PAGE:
Other Husband & Wife Articles

How Many Children?
By Andrew Haines

Intentionally having a child at a young age is sort of a cultural no-no. Kids of young parents are, quite often, seen more as mistakes than as lovingly accepted gifts from God.

So when Kathleen and I decided to try and conceive after only a few months of being married, we weren’t at all surprised by the reactions.

“I’m very happy for you,” a Catholic coworker told me when she heard we were pregnant. “God provides – even if sometimes we’re a bit surprised!”

It’s pretty safe to say that – even for Catholics – the default response to a young couple’s fertility is a sense of shock. “God provides, even if we’re surprised” is a nice way of saying, “Wow, certainly you didn’t mean to conceive a baby, did you?”

For young parents trying to feel out God’s will, contemporary culture doesn’t do much to make authentic discernment any easier.

A professor of mine, whom I admire very much, shared with me his own experience of starting a family during graduate school. “My wife and I decided that God was calling us to be open to children early on,” he said. “We jumped right in. But it’s not for everyone.”

His was a wise perspective. It recognized two important things: that deciding when to try to conceive requires prayer; and that God’s unique vocation for each couple is different.

Before we got married, Kathleen and I spent quite a bit of time discussing our hopes for starting a family. We took a class on Natural Family Planning. And we decided before our wedding that we would probably wait at least six or seven months before actively trying to conceive – leaving some time to adjust to one another, a new lifestyle, and unknown financial prospects. In short, we wanted to be somewhat certain ahead of time that bringing a new life into the world was a good idea.

But certainty and discernment are a tough match.

Probably the best perspective I ever got on starting a family came from the priest who married us, Father Michael Dandurand. The night before our wedding, we shared with him our discussions about waiting to conceive, and our desire to be prudent, while being very clear that we rejected any form of contraception. He understood, and did not question our practical judgment.

However – like any man of God – he offered some thoughts for our consideration. He emphasized that the Lord doesn’t speak six or seven months from now, but today.  He reminded us that, as human persons, sexual intimacy arises from a desire for personal intimacy, and that each encounter would be its own new meeting with its own proper context. In sum, he told us to let God’s will be present in each and every instance of our marital relationship, and to continually discern his call to have children.

Opponents of the Catholic Church’s position on human sexual relationships often complain that constantly being “open to life” is archaic – that it doesn’t respect the freedom of an individual to enjoy sex without bearing the burden of long-lasting consequences. Also, they say that abstaining from potentially fertile sex only for “grave reason” makes sex mechanistic, and simply procreative.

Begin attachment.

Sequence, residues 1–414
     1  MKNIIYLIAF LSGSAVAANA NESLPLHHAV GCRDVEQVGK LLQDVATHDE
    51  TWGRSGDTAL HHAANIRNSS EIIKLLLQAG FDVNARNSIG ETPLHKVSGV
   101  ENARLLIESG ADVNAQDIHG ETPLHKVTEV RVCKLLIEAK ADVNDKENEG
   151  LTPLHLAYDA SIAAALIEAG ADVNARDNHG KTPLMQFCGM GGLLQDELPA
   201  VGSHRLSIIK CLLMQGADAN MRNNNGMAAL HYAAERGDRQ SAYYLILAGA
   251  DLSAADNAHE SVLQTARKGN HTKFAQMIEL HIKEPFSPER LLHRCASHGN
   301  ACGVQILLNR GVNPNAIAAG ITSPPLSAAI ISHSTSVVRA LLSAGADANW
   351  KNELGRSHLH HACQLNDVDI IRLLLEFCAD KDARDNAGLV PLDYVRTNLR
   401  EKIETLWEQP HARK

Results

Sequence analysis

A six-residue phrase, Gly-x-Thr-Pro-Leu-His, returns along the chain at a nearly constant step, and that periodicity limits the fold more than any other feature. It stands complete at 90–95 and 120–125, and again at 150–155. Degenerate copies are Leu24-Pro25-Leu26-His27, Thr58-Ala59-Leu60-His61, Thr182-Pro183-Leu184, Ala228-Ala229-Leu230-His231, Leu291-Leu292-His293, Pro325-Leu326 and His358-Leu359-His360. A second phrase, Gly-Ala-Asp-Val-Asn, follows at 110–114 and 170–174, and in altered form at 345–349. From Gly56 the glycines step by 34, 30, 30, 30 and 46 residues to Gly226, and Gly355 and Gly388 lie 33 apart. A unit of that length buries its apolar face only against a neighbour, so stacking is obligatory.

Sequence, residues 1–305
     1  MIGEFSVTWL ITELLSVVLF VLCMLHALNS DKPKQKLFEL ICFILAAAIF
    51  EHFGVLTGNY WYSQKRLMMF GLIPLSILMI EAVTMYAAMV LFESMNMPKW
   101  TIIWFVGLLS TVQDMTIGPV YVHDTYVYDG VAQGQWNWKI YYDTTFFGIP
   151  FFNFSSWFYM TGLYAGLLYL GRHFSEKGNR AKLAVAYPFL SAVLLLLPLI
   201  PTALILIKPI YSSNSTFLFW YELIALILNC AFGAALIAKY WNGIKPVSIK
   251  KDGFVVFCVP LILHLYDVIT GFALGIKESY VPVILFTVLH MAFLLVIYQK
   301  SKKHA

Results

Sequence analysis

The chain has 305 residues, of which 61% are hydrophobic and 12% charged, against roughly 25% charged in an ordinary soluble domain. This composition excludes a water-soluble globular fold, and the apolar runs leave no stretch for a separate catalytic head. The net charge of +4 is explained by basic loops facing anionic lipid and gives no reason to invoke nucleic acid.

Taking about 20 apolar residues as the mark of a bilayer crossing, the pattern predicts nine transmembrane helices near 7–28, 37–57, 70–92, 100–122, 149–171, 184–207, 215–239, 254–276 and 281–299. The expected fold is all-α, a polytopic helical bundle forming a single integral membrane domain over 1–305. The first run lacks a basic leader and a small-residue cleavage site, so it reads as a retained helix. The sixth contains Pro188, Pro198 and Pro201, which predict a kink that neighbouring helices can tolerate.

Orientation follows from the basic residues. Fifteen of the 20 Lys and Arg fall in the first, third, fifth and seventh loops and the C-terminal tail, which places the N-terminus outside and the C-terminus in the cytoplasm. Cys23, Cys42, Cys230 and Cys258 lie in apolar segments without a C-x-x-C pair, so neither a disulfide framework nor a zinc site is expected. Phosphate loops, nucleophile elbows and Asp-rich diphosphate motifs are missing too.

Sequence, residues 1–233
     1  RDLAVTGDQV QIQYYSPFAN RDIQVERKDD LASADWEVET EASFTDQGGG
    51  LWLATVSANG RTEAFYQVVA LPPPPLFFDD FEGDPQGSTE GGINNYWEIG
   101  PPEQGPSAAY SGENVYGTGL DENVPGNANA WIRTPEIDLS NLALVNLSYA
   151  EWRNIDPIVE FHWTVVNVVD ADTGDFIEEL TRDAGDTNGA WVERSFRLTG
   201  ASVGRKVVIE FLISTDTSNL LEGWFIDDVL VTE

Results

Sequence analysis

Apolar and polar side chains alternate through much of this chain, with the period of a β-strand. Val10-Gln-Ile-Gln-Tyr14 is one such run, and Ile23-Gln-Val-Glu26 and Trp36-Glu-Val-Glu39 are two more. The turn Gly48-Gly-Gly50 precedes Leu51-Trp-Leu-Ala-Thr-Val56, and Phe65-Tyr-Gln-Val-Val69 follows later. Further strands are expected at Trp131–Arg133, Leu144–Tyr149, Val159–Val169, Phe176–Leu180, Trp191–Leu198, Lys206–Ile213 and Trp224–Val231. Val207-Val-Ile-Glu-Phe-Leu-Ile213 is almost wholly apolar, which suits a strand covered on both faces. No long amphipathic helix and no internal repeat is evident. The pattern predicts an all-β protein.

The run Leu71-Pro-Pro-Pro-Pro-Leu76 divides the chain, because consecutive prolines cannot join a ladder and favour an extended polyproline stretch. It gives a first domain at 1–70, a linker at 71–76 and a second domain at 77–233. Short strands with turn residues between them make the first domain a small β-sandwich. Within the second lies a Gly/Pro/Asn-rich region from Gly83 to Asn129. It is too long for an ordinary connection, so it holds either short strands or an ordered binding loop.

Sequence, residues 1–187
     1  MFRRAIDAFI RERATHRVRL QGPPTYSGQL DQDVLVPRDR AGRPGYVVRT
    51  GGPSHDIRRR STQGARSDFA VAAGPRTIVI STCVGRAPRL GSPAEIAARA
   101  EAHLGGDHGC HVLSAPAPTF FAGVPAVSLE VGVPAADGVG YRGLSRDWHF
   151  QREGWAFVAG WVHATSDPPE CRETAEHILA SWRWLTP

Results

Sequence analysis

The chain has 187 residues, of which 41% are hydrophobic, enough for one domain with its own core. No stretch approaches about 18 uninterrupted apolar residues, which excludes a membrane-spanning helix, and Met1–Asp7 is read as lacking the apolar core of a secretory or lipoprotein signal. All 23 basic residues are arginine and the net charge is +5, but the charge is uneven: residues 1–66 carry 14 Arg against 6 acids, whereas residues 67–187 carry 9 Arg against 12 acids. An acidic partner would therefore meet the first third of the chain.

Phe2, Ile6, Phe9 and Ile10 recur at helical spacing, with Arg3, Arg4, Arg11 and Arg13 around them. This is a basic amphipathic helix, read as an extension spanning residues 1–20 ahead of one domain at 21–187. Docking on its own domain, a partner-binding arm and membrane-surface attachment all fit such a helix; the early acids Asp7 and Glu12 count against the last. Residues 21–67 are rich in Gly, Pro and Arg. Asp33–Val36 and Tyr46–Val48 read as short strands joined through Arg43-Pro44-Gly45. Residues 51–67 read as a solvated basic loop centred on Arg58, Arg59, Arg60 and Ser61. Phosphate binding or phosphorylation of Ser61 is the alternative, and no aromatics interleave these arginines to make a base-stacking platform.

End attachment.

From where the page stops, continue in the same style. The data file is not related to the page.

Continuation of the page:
But as a young man seeking to appreciate the Church’s authentic teaching – given in part through the judicious words of that holy priest – I can attest that openness to life is not burdensome; rather, it’s freeing. Being responsible and prudent is important. But responding lovingly to God’s will – even if it is dark and unknown – is a higher good. Duc in altum, Jesus said: “Cast into the deep.”

As Kathleen and I have prayed about our decision to conceive earlier than we had at first imagined, we’ve been struck by the wisdom of the words: “God doesn’t speak six months from now, he speaks today.” Had we waited to conceive until ensuring financial security for our family, we’d have been waiting a long time! But fortunately, deciding to bring a child into the world isn’t about certainty; it’s about loving faith – faith grounded in reason, and seeking understanding.

The simple fact of the matter is that no one is ever “ready” to create a child. How could they be? To create a child is to share in the mystical unity of the Holy Trinity – and we’re certainly never “ready” for that!

Responding to God’s call to co-create life isn’t something done as a result of metered calculations, but in prayerful response to a loving invitation to share in the divine power of the Trinity. We’re called to be prudent, to be reasonable, and to be responsible; but we are called above all to be faithful.

If a couple responds to the Lord’s call to conceive with love, there can be no doubt that he’ll provide for them just as a good father provides the best things for his children – and infinitely more.

And that should be all the security any of us ever need.


Andrew Haines is a graduate student in philosophy, and president of the Center for Morality in Public Life (http://ethikapolitika.org/author/andrew-haines/). He lives in Northern Virginia with his wife, Kathleen, and their unborn baby, whose due date is in December.